THE BIG KAHUNA
by Melissa B. Cummings
a salesman takes a truly unique personality. The sheer drive and determination
in the face of relentless rejection that is required is incredible.
For those that hear the calling, the sales profession is like a religion.
Salesmen's lives are devoted to making us believe we need what they're
selling, and they'll use whatever means necessary to convince us. It
is a frustrating and draining task, and only the strongest survive.
This is the idea behind THE BIG KAHUNA, a film written by Roger
Rueff, based on his play "Hospitality Suite." The story focuses on three
salesman: old-pros Larry (Kevin Spacey) and Phil (Danny DeVito), and
a newcomer, Bob (Peter Facinelli, who I think was formed by splicing
DNA from Tom Cruise and Christian Bale) who are sent by their Chicago-based
industrial lubricants company to attend a convention in Witchita, Kansas.
Their goal is to meet Dick Fuller, an important potential client (a.k.a.
"The Big Kahuna"), at their hospitality suite and convince him to do
business with their company. The problem: they don't know what he looks
like. The event goes off without a hitch, save for the fact that The
Big Kahuna is nowhere to be found. As a dejected Larry and Phil discuss
the consequences, Bob discovers that indeed Mr. Fuller had been there
and had spent the night talking to him at the bar. Delighted by this,
Phil and Larry send Bob off to find Mr. Fuller and give him their sales
pitch. Unfortunately, rather than discuss business with Mr. Fuller,
Bob chooses his own topic of conversation, breaking one of the cardinal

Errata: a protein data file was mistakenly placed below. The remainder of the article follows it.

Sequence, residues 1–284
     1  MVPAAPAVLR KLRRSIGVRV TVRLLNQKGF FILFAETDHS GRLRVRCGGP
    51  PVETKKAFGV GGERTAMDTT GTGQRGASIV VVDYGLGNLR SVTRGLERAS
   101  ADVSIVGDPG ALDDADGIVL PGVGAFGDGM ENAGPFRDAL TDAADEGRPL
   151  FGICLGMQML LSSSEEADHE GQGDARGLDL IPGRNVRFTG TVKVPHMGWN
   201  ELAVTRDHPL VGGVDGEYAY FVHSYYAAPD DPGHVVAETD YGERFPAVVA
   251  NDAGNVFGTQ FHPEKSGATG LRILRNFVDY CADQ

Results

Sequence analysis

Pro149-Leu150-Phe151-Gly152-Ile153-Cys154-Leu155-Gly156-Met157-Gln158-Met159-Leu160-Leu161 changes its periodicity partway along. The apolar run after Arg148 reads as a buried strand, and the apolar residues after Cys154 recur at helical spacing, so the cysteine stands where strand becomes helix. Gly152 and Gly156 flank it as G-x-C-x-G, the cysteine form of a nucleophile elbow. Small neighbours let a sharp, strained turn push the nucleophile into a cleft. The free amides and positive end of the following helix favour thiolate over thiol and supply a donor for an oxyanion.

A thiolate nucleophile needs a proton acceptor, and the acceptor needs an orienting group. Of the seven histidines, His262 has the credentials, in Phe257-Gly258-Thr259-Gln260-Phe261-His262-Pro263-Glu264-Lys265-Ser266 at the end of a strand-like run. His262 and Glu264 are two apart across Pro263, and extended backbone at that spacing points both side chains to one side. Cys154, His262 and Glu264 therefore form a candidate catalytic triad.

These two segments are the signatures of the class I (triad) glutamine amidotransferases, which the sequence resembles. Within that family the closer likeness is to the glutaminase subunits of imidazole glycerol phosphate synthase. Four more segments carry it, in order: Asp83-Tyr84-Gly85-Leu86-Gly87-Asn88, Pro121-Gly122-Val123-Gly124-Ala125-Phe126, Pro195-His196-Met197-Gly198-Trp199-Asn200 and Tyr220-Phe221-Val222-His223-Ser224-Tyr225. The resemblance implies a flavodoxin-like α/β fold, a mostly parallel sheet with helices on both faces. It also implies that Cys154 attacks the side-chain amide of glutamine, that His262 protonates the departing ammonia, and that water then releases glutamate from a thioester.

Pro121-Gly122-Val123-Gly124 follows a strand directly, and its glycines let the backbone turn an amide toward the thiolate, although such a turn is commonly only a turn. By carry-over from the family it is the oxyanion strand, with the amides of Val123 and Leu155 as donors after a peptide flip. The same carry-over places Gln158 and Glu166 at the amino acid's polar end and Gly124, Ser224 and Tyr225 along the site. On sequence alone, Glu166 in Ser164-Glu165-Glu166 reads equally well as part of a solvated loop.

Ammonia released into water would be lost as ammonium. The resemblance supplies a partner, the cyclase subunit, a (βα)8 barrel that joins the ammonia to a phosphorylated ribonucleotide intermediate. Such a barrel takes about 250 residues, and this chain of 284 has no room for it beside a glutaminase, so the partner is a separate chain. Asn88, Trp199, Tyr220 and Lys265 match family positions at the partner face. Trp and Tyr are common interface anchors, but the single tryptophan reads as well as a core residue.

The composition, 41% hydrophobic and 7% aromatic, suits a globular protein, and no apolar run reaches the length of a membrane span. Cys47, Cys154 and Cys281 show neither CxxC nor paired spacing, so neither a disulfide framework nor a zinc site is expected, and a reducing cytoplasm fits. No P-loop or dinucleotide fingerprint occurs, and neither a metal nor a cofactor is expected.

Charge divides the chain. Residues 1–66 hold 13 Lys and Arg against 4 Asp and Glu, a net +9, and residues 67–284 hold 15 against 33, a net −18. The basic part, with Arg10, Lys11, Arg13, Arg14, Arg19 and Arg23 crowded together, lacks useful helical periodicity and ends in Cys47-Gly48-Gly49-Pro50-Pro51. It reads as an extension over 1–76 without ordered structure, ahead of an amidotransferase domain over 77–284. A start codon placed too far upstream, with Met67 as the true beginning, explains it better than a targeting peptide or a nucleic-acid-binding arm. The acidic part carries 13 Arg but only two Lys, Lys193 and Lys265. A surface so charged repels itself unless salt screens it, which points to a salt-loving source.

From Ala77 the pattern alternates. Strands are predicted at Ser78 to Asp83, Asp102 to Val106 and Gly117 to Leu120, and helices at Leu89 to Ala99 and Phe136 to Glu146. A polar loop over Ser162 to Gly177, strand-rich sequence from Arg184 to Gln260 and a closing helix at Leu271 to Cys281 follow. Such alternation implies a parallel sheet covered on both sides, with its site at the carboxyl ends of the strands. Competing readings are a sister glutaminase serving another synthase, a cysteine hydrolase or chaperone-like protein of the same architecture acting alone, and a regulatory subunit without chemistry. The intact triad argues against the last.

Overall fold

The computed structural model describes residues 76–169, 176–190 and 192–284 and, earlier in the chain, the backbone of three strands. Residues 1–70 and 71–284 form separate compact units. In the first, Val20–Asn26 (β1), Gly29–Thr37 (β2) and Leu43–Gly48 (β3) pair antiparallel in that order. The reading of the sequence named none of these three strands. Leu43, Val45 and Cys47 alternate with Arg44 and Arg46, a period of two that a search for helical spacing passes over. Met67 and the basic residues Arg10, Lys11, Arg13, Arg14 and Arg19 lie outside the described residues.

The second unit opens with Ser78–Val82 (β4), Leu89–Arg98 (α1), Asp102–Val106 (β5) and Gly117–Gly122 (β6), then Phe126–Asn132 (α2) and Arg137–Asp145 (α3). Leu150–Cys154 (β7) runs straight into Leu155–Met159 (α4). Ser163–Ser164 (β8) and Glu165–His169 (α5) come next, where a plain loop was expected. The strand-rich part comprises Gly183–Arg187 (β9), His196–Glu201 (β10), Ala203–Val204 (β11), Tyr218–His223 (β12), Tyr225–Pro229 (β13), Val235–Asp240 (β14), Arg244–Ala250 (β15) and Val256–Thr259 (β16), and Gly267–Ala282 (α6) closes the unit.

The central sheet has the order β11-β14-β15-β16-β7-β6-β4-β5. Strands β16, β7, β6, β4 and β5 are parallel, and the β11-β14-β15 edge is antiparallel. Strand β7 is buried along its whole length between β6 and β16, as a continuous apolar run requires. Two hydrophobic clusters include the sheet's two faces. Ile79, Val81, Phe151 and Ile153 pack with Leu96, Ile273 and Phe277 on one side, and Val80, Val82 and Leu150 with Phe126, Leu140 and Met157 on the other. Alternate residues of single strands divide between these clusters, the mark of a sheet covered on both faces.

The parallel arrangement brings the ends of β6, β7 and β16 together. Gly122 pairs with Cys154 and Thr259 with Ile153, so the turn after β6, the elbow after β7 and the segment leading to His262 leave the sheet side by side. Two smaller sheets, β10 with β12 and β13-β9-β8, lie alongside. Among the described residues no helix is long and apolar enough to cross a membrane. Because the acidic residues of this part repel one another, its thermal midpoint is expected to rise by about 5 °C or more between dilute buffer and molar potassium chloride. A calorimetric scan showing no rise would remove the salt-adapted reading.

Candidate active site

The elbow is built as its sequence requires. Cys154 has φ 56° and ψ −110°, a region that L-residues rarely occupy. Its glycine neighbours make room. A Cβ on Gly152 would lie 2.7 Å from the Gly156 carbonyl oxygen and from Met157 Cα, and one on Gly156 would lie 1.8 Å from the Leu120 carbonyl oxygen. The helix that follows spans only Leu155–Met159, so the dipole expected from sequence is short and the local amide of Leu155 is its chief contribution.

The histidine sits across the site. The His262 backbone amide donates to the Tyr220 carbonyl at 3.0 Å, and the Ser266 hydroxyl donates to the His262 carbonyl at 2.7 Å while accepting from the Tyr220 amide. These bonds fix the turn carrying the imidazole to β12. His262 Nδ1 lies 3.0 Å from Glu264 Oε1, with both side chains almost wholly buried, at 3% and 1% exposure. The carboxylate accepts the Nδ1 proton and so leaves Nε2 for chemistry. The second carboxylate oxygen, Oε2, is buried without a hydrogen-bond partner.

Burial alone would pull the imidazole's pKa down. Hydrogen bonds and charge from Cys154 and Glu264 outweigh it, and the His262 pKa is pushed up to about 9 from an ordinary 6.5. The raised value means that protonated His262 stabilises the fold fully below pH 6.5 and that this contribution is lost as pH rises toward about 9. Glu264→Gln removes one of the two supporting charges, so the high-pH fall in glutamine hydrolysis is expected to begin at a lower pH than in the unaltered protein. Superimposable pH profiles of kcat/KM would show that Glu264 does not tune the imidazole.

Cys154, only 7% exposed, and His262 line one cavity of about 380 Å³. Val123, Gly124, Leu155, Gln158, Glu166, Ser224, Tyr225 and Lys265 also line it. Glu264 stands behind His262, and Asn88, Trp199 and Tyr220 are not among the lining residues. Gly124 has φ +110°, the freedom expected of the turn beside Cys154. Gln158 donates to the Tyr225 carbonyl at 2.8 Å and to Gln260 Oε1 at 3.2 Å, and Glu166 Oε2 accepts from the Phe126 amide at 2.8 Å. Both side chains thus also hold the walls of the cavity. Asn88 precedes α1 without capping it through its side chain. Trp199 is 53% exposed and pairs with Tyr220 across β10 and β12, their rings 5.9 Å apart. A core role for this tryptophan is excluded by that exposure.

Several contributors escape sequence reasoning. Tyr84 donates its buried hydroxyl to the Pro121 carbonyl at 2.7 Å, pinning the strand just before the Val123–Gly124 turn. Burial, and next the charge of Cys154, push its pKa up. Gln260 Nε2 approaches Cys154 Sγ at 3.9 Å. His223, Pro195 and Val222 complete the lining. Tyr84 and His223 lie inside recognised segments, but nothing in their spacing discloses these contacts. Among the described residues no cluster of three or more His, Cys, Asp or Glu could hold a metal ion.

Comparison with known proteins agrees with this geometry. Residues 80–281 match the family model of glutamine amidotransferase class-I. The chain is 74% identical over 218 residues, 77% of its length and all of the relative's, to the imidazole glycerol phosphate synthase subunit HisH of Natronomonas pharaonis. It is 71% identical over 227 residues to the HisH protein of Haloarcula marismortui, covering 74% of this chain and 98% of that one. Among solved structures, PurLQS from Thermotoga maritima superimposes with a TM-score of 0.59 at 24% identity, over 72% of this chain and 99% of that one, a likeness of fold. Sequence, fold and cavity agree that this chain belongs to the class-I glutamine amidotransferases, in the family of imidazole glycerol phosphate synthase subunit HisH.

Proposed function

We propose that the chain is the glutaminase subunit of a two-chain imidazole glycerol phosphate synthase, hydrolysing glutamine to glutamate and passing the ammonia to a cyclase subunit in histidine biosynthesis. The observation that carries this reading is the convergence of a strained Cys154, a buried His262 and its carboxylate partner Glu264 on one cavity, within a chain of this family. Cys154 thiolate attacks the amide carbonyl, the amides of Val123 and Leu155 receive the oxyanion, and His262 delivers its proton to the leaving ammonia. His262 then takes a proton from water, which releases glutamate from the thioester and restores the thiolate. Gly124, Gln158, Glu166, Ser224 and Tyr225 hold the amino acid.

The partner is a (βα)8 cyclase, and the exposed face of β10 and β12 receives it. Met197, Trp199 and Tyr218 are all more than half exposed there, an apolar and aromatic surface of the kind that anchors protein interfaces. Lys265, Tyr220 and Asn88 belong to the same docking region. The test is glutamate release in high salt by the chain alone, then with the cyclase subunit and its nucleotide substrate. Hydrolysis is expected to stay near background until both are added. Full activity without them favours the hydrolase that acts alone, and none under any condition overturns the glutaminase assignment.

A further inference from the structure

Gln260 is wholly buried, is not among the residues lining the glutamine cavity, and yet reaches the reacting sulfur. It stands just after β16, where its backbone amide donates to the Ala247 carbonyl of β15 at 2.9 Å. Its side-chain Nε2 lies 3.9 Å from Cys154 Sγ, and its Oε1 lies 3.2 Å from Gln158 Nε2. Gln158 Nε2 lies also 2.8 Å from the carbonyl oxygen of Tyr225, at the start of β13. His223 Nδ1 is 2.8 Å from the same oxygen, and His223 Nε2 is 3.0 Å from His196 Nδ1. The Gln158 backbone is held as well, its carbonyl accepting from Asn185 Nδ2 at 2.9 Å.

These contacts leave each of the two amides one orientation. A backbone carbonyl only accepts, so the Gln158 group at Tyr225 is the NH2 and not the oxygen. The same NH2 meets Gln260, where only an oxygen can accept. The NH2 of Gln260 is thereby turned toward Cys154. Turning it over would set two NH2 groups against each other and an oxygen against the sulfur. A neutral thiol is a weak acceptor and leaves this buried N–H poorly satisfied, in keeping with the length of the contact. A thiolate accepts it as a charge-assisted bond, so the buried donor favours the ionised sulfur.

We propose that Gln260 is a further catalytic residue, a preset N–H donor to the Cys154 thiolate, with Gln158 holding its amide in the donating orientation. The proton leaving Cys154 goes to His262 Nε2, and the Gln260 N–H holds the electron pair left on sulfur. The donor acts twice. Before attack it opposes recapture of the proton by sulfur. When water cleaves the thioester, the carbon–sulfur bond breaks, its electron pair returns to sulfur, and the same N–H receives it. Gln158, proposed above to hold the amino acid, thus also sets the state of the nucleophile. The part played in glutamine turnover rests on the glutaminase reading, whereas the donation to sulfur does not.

rules of salesmanship.
The plot, however, is secondary in The Big Kahuna. The film is
a character study, and a good one at that. Each character's personal
beliefs, desires and fears are displayed without a hint of deception.
Like most films based on plays, there is much more talk than action.
But unlike some, the dialogue in The Big Kahuna does not seem
at all forced or pretentious. Every line is believable. Like another
film based on a play about salesmen, (Devid Mamet's great Glengarry
Glen Ross), the characters are undeniably real, but The Big
Kahuna is even less plot-driven than GGR. This could potentially
be a problem were it not for such an amazing cast. Kevin Spacey once
again proves himself one of the finest actors alive. From him, a look,
a gesture, a voice inflection, gives his character more personality
than any words that come out of his mouth. Danny DeVito is impressive
as a man who has been through hell and back and now is simply looking
for peace and validation. And Peter Facinelli has an earnest innocence
about him that works perfectly.
In converting the play to a movie, the filmmakers seem to tack on a
slightly more trite ending than was necessary. The use of Baz Luhrmann's
"Everybody's Free (To Wear Sunscreen)" as the closing music makes it
feel even more so, and also serves to date the film. But this is one
of the picture's few flaws. Overall, The Big Kahuna is a very